The emotional stuff REALLY slows it down. There was a line in last season's "It's Always Sunny In Philadelphia" where Mac and Charlie are writing a movie. Dennis suggests they add a female character (to be fully penetrated by a super-smart, super-ripped scientist named Dr. Dolph Lundgren). Mac responds that he hates women in action movies because they slow everything down.
In "Inception", I felt like things kept following this pattern: Stunning visual... moment of calm... crazy action... crazy action... crazy action... building toward something great... crash to a halt because Leonardo DiCaprio's wife and kids appear.
That happens about 20 times during the movie. Just as you're ass-to-elbows deep in action, you see a glimpse of the wife or the backs of the heads of Leo's two blond children of the corn -- which makes Leo's character stop -- which kills the momentum. By the end, you have a Pavlovian response to the wife and kids where you roll your eyes and just want them to get out of the way.
Flying debris = satisfied 3D customers.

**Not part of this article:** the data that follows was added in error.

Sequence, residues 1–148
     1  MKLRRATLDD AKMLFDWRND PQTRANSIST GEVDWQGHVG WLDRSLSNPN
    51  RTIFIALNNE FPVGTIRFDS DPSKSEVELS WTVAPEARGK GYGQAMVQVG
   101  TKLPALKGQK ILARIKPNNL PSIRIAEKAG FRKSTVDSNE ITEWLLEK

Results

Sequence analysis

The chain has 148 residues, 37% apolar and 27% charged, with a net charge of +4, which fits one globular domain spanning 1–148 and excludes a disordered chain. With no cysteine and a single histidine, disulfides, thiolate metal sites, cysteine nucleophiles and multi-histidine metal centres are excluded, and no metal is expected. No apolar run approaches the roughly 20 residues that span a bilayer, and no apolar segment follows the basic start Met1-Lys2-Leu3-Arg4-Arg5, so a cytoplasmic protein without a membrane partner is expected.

I can't believe I'm going to say this, but it would've been great in 3-D. I'm like you. I'm already over 3D, and have been since I got burned on a retro-fitted 3D debacle and realized that I just got scammed out of an extra $3. But if any movie since "Avatar" belonged in 3D, it was this one.
The 3D would've worked perfectly and actually drawn you even further into the world. The "Inception" world featured moments of zero gravity, of things flying around the screen and of exploding Parisian fruit stands. All of which really would've worked brilliantly in 3D. This isn't like the trailer for "Step Up 3D" where you can tell they had to add a bunch of crap for the sake of 3D, like characters throwing Slurpees. The 3D elements were sitting there, waiting.
On the same token, since Nolan didn't film the movie for 3D, I'm thankful the studio didn't go back and "Clash of the Titans" this movie into janky 3D. Because no one wants to have what appears to be an awkwardly-embossed cardboard cutout of Leonardo DiCaprio staring wistfully at them for two straight hours.
The storyline felt more like a sequel to me. After reading about "Inception", I learned that it was Nolan's magnum opus, his life's dream project, his "Battlefield Earth". So he wanted to give us the thickest story possible.
Still, in a movie about a group of people who invade dreams to steal people's deepest secrets, we saw very few people's dreams invaded and very little secret stealing. The focus is almost entirely on one big heist which, while mammoth, involves a variation on that dream snatching business plan.